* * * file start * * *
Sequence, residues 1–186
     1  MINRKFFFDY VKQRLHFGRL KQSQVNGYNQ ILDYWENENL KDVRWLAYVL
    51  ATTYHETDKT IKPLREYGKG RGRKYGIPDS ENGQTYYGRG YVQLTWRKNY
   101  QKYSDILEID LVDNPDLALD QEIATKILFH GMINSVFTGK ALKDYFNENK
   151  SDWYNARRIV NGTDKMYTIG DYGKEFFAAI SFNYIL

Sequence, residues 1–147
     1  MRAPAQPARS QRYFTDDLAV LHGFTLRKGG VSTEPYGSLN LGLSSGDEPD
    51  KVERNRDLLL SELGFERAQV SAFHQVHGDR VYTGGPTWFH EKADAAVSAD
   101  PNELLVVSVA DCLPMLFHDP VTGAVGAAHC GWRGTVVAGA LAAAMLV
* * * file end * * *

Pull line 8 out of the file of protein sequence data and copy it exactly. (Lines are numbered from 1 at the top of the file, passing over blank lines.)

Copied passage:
    51  KVERNRDLLL SELGFERAQV SAFHQVHGDR VYTGGPTWFH EKADAAVSAD